The regulations form part of a package of pilot changes which includes a £200 Jobfinders Grant and a £50 a week jobmatch payment--independent research suggested that those were two of the most effective measures in helping people back to work in terms of value for money. They were brought in using powers in the Employment and Training Act 1973.

Regulation 1 provides for the way in which the regulations are to be described and the period for which, subject to parliamentary approval, they are to have effect--namely, from April 1999 to April 2000--and interpretation of terms used in the regulations. I could describe what is meant by "pilot scheme", "pilot scheme period" or "pilot scheme area", but bearing in mind the lateness of the hour I shall not do so unless your Lordships request it.

Regulation 2 provides that the regulations will apply to people living in a pilot scheme who are receiving a benefit on grounds of incapacity from one of the pilot offices. Regulation 3 sets out the people to whom the regulations apply. Regulation 4 sets out the conditions for the first pilot we wish to test, the incapacity earnings provision. The current benefits system has been built on the principle that a person is entitled to benefit on the grounds of incapacity if they are, or are treated as, incapable of work. At the moment someone on incapacity benefit is not allowed to do any work at all unless it falls within one of the exceptional permitted work categories such as therapeutic earnings. This creates a considerable barrier to re-entering the labour market, making it a very big step for people to take up work. We want to test allowing people to do a small amount of work while receiving an incapacity benefit, so that they can take a more modest first step if they wish.

Under this pilot a person receiving an incapacity benefit will be able to do any work subject to a limit of £15 a week without losing benefit. The kind of situation we have in mind is where someone with a substantial learning difficulty may only want, or be able to work, two or three hours a week. As a result of this regulation such a person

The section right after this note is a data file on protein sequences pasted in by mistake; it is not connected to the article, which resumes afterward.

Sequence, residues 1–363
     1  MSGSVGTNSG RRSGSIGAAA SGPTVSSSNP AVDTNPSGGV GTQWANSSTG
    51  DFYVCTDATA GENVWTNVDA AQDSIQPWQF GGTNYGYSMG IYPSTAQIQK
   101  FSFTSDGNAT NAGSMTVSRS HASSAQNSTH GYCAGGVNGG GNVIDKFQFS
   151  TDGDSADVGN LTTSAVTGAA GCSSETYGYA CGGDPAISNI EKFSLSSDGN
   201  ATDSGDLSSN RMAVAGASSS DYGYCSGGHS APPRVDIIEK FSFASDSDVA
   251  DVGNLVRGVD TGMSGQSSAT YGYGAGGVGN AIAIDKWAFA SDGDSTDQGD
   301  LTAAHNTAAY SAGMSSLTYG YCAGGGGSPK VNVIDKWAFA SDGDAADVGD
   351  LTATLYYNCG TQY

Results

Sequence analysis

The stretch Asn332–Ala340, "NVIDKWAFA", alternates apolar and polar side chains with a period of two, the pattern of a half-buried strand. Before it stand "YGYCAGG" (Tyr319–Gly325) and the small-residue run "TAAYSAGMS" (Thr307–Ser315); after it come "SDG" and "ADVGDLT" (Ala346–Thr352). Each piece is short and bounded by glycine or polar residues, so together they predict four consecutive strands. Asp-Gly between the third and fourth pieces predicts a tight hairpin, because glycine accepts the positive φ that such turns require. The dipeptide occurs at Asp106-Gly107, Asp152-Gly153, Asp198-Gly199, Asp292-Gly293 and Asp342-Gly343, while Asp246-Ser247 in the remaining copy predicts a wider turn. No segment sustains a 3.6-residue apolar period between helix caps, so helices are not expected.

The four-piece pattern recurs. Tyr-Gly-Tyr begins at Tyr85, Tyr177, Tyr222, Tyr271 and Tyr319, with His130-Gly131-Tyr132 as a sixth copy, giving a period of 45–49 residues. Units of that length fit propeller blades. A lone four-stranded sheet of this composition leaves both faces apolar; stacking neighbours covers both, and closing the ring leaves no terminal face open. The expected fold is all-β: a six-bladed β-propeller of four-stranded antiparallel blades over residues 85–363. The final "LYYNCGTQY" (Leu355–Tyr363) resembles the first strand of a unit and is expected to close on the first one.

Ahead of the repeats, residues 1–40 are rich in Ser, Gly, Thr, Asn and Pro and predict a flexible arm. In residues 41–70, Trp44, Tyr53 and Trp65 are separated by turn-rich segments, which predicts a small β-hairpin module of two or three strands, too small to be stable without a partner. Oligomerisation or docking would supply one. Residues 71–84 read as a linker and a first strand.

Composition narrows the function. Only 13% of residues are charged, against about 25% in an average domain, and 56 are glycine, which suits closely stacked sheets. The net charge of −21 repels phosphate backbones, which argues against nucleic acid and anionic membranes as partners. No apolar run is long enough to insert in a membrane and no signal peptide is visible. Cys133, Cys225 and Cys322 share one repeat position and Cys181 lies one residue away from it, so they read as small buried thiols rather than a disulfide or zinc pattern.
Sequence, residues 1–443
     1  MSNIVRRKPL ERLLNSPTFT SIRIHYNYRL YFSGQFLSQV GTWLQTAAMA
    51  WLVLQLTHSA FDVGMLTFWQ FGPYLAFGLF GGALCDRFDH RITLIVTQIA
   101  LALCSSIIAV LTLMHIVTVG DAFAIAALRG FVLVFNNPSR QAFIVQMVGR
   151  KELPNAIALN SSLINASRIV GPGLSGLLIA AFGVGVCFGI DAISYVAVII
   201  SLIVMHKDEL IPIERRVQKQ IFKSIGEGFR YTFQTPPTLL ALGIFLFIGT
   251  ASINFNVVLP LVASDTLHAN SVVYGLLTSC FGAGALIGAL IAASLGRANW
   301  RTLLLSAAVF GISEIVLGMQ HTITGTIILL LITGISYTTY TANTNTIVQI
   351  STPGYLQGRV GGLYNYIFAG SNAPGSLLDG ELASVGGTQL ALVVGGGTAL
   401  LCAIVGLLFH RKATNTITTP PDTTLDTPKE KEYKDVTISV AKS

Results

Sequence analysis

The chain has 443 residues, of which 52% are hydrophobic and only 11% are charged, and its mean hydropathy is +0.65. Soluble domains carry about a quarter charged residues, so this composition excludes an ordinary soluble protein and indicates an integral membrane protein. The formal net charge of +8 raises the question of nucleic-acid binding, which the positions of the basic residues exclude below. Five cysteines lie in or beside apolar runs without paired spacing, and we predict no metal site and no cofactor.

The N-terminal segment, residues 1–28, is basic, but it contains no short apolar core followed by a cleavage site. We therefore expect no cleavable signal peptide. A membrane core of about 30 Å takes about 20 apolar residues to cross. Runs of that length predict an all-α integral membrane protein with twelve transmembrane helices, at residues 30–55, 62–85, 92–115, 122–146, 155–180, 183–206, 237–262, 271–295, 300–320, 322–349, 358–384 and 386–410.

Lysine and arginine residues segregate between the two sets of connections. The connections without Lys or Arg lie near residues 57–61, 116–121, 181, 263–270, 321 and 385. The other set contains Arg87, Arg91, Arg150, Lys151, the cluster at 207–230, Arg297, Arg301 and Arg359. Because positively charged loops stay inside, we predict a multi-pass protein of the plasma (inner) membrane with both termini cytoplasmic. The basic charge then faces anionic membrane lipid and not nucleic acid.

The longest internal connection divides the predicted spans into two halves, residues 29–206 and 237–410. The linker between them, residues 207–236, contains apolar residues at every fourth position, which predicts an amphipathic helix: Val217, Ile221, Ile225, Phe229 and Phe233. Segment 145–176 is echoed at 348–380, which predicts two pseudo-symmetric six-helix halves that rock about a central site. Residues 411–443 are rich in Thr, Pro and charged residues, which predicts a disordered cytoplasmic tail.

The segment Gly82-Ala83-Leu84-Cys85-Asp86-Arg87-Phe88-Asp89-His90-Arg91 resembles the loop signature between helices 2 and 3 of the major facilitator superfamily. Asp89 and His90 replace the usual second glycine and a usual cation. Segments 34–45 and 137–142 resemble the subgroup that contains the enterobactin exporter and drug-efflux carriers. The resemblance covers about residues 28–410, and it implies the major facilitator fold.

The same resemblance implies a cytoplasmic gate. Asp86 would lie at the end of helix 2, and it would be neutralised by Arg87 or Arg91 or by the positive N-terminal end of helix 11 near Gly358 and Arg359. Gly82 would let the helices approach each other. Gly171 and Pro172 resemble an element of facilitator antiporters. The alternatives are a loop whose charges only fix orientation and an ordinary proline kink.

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would be able to keep all of the earnings--unless he or she is paid extremely generously--up to £15 without it affecting their benefit. Whereas DWA rules kick in at, say, the 16-hour limit, we are talking about people who may be working for small periods of time and therefore for quite modest sums which nonetheless they will be allowed to keep under the £15 a week rule.

Regulation 5 provides for the second change to the benefit system that we wish to test. Under this proposal, a person will be able to undertake a work trial without losing benefit. Work trials are run under an existing Employment Service programme that allows employers to offer vacancies to clients on an unpaid basis for up to three weeks. This allows a client to see whether the job is suitable and allows the employer to evaluate the suitability of the jobseeker. During the trial the client remains on benefit and both they and the employer take part without obligation. Work trials are used for real, full-time vacancies where the job is expected to last at least six months. We know that there is a rather high success rate with these trials and that people are kept on.

Regulation 6 makes provision for people who, for whatever reason, move out of a pilot scheme area but who continue to do the work started under the pilot. In some cases it would have been unfair if they were forced to give up the work they had started. This regulation therefore allows for geographical mobility.

Regulation 7 provides that on expiry of these regulations a person can continue to benefit from the pilot measures for six more months. That allows for sensible planning of an end to the work if a person decides not to continue with it.

These two measures which I believe are entirely beneficial and which I believe will be widely welcomed are designed to give people claiming an incapacity benefit the opportunity to try out work without risking their position. We hope that for some people with a disability these measures will represent a real opportunity to take the first steps in moving from benefit into work. I hope your Lordships will support these regulations. I beg to move.

Moved, That the draft regulations laid before the House on 10th March be approved [12th Report from the Joint Committee].--(Baroness Hollis of Heigham.)

Lord Higgins: My Lords, I have only one point to make as there is something I do not quite understand. As I understand it, the programme allows employers to offer vacancies to jobseekers on an unpaid basis for up to 15 working days. I say 15, but the noble Baroness mentioned three weeks, and I am not sure which is the correct figure. No doubt she will tell us.